The BCIF raises money through community donations and reinvests the funds to small Black-owned businesses.
By Megan Reed
The Black Cooperative Investment Fund (BCIF) was founded in 2016 to address financial issues that have plagued Black communities for several decades. The lack of business and home ownership has prevented Black people from excelling to similar degrees as other races. Black people are lagging behind Whites and Asians in business ownership, employment, and financial assets.
The BCIF looks to close the wealth gap with group economics, which donated funds used to grant loans to local Black-owned businesses. To further these efforts, it has hired Kaine Nicholas as its executive director. Nicholas has 15 years of experience in financial services with extensive knowledge of financial operations and transformative community development for Black business advancement.
“I am leading the charge of pooling capital and loaning it to Black businesses, unapologetically,” Nicholas said. “I am ready to lead the BCIF team. My entire career has been spent in the financial industry and Black community involvement. Let’s get down to the impact business and change the lives of Black business owners and the Black community in general today”
Nicholas was a managing deputy director at a national community development financial institution (CDFI), and established two grassroots community development and financial operations at several global financial firms. He also taught entrepreneurship at a local Southern California college and attained his MBA and certifications from the nation’s top schools like Babson College (MBA), UCLA Anderson School of Business, and USC’s Cecil Murray Center for Community Engagement.
One of many issues that has led to the wealth gap is that many Black people are less likely to be approved for business and home loans, so Black communities lack the capital to resolve their own financial issues. The Black Cooperative Investment Fund (BCIF) is working to change that.
“We have to culturally loan money out differently,” Nicholas said. “We have to make sure that we listen to business owners. It’s not just about their credit score, or what they do or what do they sell. Every business is different. Working out a growth plan so that when they apply for our funds, it goes through a very seamless process.”
One of the BCIF’s newest loan products is a zero-percent interest loan that has a forgivable option.
The BCIF is a community-based 501(c)3 nonprofit fund which provides micro loans ranging from $5,000 to $20,000 to African Americans to start or grow existing businesses and to secure real estate. The purpose of this fund is to build economic assets and wealth within Black communities.
The BCIF is looking within the community for assistance, as the funds for these micro loans are raised from locals who donate $1,000 a year, which is tax deductible. Donors receive a 25 percent refund on their yearly contribution. One theory is that people and entities outside of the community do not have a vested interest in the growth of Black communities, so it makes more sense to build this fund from within the community.
Many Black people talk about pooling their money together for the betterment of their community, but most people do not find a way to do it. The BCIF is looking to activate people who have expressed interest in Black investment groups.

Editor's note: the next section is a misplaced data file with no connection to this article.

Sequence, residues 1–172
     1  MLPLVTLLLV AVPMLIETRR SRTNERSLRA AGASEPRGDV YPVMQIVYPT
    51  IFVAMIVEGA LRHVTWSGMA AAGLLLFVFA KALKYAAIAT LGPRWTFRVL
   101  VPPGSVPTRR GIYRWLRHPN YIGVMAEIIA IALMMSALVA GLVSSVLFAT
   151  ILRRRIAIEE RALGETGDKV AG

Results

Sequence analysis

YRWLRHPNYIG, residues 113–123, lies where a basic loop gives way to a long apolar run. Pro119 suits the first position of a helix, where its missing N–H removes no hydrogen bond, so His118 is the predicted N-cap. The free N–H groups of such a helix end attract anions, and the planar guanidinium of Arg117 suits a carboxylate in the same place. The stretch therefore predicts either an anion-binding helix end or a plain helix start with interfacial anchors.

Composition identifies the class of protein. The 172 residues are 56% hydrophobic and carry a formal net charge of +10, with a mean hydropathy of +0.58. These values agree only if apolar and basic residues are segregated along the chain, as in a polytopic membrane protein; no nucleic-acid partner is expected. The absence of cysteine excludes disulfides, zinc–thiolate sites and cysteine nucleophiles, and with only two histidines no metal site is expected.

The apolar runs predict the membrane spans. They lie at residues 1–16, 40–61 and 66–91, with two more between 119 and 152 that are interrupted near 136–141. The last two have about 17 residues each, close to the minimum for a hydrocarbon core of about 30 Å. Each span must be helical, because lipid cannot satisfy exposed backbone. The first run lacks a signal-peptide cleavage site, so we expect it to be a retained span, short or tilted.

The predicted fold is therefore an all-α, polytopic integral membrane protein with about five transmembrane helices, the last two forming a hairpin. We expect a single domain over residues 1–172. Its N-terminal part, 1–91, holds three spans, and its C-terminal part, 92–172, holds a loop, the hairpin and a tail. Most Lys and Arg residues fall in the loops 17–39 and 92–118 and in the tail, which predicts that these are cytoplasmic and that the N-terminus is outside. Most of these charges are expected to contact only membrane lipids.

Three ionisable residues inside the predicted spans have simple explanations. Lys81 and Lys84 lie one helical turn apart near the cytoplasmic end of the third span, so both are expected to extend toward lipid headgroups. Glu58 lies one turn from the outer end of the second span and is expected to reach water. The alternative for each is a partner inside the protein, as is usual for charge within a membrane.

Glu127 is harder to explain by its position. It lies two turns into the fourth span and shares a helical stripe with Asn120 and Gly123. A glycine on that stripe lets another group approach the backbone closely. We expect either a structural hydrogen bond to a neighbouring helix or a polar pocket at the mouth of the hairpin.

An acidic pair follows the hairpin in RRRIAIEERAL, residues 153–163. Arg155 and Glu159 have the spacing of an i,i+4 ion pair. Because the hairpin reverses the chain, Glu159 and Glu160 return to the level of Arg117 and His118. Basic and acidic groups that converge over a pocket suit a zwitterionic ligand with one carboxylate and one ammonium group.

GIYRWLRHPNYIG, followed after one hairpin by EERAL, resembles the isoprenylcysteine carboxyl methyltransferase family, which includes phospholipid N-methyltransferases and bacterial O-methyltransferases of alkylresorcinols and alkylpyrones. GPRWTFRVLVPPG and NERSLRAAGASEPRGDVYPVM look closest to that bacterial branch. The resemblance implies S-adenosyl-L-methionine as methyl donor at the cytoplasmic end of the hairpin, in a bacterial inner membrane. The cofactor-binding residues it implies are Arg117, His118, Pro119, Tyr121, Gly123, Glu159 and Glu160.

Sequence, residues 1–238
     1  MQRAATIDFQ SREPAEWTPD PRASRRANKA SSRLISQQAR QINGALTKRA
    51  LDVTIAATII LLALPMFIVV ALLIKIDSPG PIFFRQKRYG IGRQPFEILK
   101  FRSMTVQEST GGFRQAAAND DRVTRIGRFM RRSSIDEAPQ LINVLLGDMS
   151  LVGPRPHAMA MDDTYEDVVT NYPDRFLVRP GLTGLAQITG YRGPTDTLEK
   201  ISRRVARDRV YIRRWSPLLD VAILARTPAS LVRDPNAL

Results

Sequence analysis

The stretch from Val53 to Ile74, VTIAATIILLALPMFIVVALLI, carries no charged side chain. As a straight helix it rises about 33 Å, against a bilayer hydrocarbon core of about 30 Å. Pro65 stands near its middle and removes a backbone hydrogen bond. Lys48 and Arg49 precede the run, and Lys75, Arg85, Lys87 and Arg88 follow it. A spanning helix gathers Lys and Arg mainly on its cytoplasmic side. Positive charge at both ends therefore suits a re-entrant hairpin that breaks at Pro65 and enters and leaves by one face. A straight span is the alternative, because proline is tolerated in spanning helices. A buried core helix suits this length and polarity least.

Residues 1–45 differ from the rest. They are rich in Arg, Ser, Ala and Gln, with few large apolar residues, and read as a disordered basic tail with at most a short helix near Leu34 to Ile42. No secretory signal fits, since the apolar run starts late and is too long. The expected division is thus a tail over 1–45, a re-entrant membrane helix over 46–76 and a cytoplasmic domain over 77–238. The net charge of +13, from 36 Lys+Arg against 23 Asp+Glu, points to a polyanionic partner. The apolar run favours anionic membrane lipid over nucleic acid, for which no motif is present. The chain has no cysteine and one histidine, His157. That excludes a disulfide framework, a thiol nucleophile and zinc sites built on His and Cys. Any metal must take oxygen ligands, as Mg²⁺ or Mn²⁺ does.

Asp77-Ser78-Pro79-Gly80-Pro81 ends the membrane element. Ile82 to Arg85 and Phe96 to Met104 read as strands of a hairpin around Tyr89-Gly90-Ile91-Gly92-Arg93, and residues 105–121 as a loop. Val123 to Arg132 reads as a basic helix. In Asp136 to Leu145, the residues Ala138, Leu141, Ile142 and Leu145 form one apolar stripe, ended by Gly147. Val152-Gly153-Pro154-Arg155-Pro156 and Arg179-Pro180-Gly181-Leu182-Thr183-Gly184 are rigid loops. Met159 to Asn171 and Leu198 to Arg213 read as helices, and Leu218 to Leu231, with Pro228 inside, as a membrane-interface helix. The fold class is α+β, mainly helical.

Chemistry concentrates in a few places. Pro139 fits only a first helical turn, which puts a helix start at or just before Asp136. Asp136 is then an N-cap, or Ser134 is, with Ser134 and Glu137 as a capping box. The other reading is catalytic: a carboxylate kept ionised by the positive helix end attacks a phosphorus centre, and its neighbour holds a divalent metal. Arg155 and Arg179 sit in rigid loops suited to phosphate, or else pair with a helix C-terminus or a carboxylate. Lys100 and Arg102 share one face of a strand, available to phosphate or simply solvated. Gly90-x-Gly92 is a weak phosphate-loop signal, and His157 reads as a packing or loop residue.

“It’s no talk, all action.” Nicholas said. “That mantra is very special because it extinguishes those type of conversations. And it really forces the person who says, ‘We should do this and we should do that,’ to make a decision. Are you with us, or are you going to continue talking on the sideline?”
Robert Lewis, who graduated from Locke High School in Watts, is the president of the BCIF, and he believes that Black people cannot rely on people outside of Black communities to close the wealth gap.
“We have to get beyond the point where we’re relying on people from groups that history has shown doesn’t have as much invested in our well being as we do. So we have to take the bull by the horns and make things happen.”
The poor financial state of Black communities has affected other areas of life, including health, wellness, education, and crime.
“When you have a compromised economic base, the ripple effect is devastating,” Lewis said. “When you see the outcomes for us as a people, and it doesn’t matter what outcome area you’re talking about, most things that represent something healthy or good, we’re at or near the bottom. When it comes to outcomes that represent something bad or unhealthy, we’re at or near the top. We think that’s directly correlated to economics.”
One of the purposes of BCIF’s business loans is to create jobs within Black communities. One way to do that is to support Black businesses.
“On average we spend two cents on every dollar in Black-owned businesses.” Lewis said. “If we increased that to just 10 cents on every dollar, we could create one million jobs. When you take your clothes to the cleaners, or your car to the mechanic, how many of them are non-Black? If you can just switch that up, you can increase that ratio from two cents to 10 cents. We’re consumers. We spend. We could be more mindful about where we direct our dollars when we’re spending dollars that we spend anyways.”
Lewis stresses that people in Black communities have to figure out how to help themselves, and support those efforts.
“It epitomizes one of those things, when we’re sitting around the barbershop or in our living rooms, and we say, ‘Man, if we only had this, or if we could only do this,’” he said. “That’s what BCIF is. It’s that thing that we talk about, ‘If only we had,’ well this is it. So we can make it happen, or we can continue to see the outcomes that we’ve been getting for years.”